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Future Returns: Building an Endowment-Style Portfolio


Portfolios that model those of endowments can produce the sort of outsized returns many individual investors dream of. 

The late
David Swensen,
Yale University’s longtime chief investment officer, is often credited with originating the “endowment model.” Imagine a diversified portfolio, with greater-than-usual exposure to alternative, less-liquid assets such as private equity to spur above-average returns. According to one study of endowments, college and university endowments produced average net returns of 30.6% in the 2020-21 fiscal year.

With some alternative investments, such as cryptocurrencies, suffering a downturn and inflation high, it’s a natural time to think about adding endowment-style alternatives to portfolios, says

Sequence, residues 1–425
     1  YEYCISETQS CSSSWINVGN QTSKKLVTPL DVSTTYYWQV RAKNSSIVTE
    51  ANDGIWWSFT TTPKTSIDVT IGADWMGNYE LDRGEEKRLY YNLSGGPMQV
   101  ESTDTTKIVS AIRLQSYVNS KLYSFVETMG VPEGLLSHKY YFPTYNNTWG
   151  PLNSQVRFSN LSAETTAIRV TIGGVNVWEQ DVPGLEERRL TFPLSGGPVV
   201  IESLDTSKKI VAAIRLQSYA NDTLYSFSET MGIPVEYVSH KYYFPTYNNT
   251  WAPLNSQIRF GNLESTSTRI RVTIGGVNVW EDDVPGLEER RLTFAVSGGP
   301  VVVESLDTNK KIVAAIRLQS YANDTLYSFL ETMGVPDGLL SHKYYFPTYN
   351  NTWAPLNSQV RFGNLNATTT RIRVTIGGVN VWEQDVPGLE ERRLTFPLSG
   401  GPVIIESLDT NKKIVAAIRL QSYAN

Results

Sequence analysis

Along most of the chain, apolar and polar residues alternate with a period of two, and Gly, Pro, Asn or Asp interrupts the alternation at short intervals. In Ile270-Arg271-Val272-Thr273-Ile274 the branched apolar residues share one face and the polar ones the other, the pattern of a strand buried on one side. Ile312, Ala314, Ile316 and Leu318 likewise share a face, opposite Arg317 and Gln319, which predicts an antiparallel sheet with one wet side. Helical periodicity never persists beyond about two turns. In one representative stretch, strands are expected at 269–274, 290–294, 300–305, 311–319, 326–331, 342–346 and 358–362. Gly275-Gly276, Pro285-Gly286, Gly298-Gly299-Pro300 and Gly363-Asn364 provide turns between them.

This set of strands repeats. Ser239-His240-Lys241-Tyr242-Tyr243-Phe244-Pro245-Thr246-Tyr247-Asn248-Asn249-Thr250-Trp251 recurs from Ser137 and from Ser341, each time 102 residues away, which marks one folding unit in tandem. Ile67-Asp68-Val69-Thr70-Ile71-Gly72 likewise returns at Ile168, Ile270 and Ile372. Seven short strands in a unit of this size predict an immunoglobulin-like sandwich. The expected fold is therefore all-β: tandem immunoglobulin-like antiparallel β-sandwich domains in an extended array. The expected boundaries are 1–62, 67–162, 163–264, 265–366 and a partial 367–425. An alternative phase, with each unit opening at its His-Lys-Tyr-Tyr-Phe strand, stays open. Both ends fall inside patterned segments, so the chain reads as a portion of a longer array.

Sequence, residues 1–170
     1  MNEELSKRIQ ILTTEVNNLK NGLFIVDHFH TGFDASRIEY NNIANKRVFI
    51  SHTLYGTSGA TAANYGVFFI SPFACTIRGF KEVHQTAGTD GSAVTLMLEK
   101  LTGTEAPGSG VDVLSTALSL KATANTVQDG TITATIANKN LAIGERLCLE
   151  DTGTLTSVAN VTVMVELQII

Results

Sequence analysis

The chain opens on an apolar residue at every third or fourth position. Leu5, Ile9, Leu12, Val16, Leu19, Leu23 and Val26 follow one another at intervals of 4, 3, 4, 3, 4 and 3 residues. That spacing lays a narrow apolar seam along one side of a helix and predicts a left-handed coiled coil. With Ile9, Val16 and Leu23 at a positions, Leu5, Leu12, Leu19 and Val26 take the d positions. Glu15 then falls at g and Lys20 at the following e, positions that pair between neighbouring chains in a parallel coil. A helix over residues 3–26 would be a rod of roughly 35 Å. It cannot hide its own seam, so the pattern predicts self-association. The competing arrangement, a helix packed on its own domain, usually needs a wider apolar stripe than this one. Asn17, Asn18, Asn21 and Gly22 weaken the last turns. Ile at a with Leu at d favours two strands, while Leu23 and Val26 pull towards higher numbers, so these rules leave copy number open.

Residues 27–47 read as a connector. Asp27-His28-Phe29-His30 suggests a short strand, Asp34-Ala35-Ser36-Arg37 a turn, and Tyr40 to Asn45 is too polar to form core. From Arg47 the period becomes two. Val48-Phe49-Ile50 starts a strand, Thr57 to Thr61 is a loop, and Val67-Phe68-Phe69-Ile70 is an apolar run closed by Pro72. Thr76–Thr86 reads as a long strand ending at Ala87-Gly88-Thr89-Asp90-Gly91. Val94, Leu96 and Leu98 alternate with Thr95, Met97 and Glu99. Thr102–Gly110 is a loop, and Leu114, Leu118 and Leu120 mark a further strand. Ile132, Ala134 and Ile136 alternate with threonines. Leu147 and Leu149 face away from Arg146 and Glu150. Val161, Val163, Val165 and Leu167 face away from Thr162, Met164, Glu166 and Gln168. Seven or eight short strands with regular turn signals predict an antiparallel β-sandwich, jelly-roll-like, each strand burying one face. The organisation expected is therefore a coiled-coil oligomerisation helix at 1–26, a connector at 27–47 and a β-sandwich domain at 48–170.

Dan Ziznewski
of Atlanta-based wealth management firm Homrich Berg.

“As equity markets have continued to hit all-time highs, obviously separate from what’s been going on in the past few weeks or months, there’s a natural conversation,” he says. Investors don’t want to put their marginal dollar into the S&P [500] when it’s at a high, he adds, “they want to get some diversification away from that.” 

Also, with interest rates expected to continue rising, an opportunity exists to “allocate away from public fixed income into something more income-oriented on the private side,” Ziznewski says.  “Unlike fixed-income portfolios, private debt-side markets tend to be floating rate, meaning they may benefit from interest-rate increases.

Increased access to alternatives for the average high-net-worth individual compared to 5 to 10 years ago is available, owing to new structures like non-traded business development companies (private debt financing tools to invest in small and medium companies) or closed-end interval funds which periodically repurchase their shares. There are also technology platforms offering wealthy investors access to private equity at lower minimums.